New pearls museum opens in Ras Al Khaimah
There are many ancient myths about the precious pearl, but two local legends say she has two mothers.
One says she is Bint Al Matar' daughter of the rain, conceived when the oyster shell captured a single sweet drop of precipitation before mixing it with the salty sea.
The other claims she is Bint Al Qamar, daughter of the moon, born during a full moon after the oyster swam to the water's surface and captured a single dew from the silvery ray.
Everything from the legends surrounding the pearl, its history as a treasure sought by merchants and monarchs across the world, its impact on the local culture and economy, and where it stands today in the modern world, can be found inside the new Ras Al Khaimah (RAK) Pearls Museum.
"Whether born out of the moon or out of the rain, there is nothing more beautiful or precious than a pearl," said Mohamed Al Suwaidi, the museum's excursion operation manager.
His passion for these little treasures is evident in the string of yellow-white prayer pearls he holds in his right hand, as he gives a tour of the museum.
"RAK, which was historically known before as Julfar, was the capital of pearl trading as evident from old documents by European travellers and sailors," said Mr Al Suwaidi.
He points to a replica of a document dated 1654, from the governor general in Batavia (Jakarta, Indonesia) to directors of the Dutch East India company in the Netherlands. It asks the company to send "two energetic and experienced merchants" to Julfar, where "this jewel is being fished, to stay there from the first to the last catch".
"So it made sense to open a museum here, solely dedicated to the pearl and its revival," Mr Al Suwaidi said.
The centuries-old pearling industry collapsed in the Gulf in the early 1930s with the Japanese invention of cultured pearls. Natural pearls occur in oysters without human intervention. Cultured pearls are created when the tissue of a donor oyster and a bead are artificially inserted into the shell. This practice rendered the dangerous occupation of pearl diving obsolete.
Regardless of the pearling industry's fate, the influence of the pearl lived on, as Emirati women are still being named after different types of local names for pearls, such as Dana, Hessa, Moza and Qemasha.
The museum, which is one of a kind in the region, opened two months ago as part of a soft launch on the Al Qawassim Corniche.
Upon entering the museum, a visitor is transported into a different world, surrounded by a distinct interior design of thousands of shimmering empty oyster shells along the walls.
"We waste nothing, we use every bit of the oyster shell after we take out the pearls. Its shells for design, its edible interiors as food and whatever is left as fertiliser for our crops," Mr Al Suwaidi said.
The museum belongs to RAK Pearls Holding, a company that has been farming cultured pearls since 2005 in the Al Rams creek area of RAK. The thousands of local pearls, which come in different shapes, sizes and colours, are on display were all born in Rak's waters.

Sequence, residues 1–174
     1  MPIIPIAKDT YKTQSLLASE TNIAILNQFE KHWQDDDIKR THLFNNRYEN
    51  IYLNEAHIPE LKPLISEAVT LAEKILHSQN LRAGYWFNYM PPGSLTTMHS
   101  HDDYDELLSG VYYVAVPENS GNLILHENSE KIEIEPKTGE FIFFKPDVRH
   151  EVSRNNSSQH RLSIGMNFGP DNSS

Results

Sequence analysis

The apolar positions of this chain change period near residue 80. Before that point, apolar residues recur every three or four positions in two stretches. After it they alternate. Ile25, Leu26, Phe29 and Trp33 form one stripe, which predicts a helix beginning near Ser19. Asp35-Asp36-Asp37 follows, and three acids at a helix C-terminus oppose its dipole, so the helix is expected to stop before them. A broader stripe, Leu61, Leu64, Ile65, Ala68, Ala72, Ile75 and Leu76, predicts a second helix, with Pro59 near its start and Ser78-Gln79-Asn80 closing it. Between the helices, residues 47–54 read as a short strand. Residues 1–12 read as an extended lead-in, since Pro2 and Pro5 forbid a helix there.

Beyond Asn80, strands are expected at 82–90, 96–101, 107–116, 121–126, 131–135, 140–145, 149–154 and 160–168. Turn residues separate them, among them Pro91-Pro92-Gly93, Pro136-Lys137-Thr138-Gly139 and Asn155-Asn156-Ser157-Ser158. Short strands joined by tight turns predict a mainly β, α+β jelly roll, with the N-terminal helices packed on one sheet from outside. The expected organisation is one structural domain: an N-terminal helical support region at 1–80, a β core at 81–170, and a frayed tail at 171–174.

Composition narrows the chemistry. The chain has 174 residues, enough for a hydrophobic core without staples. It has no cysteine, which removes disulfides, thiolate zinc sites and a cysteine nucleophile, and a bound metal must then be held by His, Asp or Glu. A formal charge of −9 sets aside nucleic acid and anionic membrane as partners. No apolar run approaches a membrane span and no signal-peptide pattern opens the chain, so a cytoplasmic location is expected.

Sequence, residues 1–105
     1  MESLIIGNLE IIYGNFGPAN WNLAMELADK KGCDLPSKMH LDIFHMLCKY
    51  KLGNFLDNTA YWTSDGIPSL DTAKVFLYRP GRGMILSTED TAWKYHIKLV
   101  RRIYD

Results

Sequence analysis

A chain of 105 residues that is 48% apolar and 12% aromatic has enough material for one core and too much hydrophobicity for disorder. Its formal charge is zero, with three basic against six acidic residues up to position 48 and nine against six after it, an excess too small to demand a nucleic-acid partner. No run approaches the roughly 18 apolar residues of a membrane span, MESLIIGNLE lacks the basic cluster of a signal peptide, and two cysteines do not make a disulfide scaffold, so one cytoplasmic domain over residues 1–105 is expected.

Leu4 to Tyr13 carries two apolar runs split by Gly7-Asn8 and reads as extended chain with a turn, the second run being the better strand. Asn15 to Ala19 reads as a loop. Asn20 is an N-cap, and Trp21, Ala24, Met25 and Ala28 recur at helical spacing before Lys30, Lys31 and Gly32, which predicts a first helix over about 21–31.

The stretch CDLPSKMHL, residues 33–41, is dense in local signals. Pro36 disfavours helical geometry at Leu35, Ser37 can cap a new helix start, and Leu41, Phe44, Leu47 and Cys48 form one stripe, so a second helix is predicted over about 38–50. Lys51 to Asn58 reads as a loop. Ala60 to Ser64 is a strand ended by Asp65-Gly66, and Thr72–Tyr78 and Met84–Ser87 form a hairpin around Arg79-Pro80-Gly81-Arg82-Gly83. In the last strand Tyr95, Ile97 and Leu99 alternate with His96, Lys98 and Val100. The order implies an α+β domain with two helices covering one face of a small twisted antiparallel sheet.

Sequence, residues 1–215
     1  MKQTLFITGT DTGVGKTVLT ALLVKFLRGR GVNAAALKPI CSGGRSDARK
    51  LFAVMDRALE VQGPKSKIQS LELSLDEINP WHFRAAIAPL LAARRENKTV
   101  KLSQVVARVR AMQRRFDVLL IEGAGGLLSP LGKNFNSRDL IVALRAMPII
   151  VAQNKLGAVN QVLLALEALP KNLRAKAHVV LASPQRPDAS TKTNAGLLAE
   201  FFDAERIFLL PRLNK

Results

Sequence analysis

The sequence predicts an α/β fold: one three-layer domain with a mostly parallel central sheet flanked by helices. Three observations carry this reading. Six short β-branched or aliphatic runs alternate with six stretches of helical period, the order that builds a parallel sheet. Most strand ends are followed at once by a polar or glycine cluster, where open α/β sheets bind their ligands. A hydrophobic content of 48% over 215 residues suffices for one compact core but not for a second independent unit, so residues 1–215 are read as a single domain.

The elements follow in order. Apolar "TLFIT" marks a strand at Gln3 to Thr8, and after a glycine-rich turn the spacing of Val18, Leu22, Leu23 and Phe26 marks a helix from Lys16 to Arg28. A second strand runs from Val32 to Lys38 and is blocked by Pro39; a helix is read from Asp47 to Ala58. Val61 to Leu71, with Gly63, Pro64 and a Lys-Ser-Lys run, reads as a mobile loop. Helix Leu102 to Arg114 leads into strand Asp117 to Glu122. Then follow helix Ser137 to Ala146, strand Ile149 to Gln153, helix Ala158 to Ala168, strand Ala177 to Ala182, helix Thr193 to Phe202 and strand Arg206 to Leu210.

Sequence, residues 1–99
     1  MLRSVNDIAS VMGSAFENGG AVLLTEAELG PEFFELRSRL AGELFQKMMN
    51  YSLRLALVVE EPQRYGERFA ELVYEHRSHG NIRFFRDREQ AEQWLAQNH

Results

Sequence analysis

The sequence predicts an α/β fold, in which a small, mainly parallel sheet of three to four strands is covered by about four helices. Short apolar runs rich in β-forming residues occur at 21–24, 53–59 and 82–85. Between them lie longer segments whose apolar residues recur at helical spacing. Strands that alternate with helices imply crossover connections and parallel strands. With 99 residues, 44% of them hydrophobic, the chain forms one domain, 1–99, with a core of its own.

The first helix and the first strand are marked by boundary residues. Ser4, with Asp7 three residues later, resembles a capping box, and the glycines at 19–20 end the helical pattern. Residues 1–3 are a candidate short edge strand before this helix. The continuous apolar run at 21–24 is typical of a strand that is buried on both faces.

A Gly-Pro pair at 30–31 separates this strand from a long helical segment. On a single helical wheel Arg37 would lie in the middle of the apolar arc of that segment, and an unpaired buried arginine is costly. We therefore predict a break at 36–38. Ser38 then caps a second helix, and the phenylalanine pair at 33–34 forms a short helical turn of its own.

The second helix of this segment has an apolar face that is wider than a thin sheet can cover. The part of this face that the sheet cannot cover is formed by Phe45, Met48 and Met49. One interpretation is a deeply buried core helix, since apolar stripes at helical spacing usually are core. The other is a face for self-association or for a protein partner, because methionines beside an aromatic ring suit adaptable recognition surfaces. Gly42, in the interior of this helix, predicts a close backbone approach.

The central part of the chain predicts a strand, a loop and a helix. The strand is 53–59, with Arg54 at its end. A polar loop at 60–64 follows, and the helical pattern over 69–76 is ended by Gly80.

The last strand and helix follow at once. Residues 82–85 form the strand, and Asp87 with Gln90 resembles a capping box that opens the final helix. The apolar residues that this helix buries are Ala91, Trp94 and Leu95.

Mahra Al Zaabi, the museum's director, and Fatima bin Tameem, the museum's tour guide, help to manage the two-storey museum with great enthusiasm.
On the first floor is a historical journey, including a detailed showcase of tools and gear worn by pearl divers, such as 'Al Khabt', or leather finger gloves; 'Al Fatam', a tortoise-shell flexible nose clip; and a thick, white cotton diver suit against jellyfish.
The divers had rubbed oil, known as 'Al Gre'at', all over their bodies. The oil was made of Acaci berry and water mixed inside a dried up coconut container.
"Their skin couldn't survive without this moisturiser," said Mr Al Zaabi. Despite this precaution, many divers suffered from great illness later on in their life.
"They wore no protection for their eyes and ears, and suffered later on from blindness and deafness," said Mr Al Zaabi. "It was really hard work and many suffered and even died on the job."
One of the last surviving pearl divers, Faraj Al Muhairbi, in his 70s, also comes to the museum and takes out visitors on a pearl-diving experience on a dhow.
The 40-metre-boat, called a 'jalbout', includes everything a pearl diver needed, from an oven to a cannon that would be fired to signal the return of divers from a four-month and 10-day diving season in the summer.
"They had a designated singer, and took with them drums, and 'Al Narjeelah', an early form of shisha, to keep themselves entertained," said Mr Al Zaabi.
In addition to photographs of "Ama divers" - traditional Japanese female divers - the museum's second floor is lined with displays of the world's famous pearls, and instruction on how to distinguish natural and cultured pearls.
There are small, 10mm, white-and-beige Akoya pearls, and larger, black-lipped pearls (reaching 16mm). There are popular freshwater mussel pink pearls pioneered by China and Japan that account for 95 per cent of the world's total production of freshwater pearls.
An oddity, Buddha oyster shells are also on display. They come from an 11th-century Chinese technique in which statues of the Buddha were placed inside oysters in hopes that each shell would be blessed with a pearl. Instead, imprints of the statues were made inside the shells.
Last but not least is RAK's 12mm "Miracle of Arabia" pearl, sitting on a red velvet throne inside the museum.
Certified by the Swiss Gemmological Institute (SSEF), the 2007 born white pearl is "perfect".
"Look how perfectly round, thick and lustrous she is," Mr Al Suwaidi says. "This is our queen." The National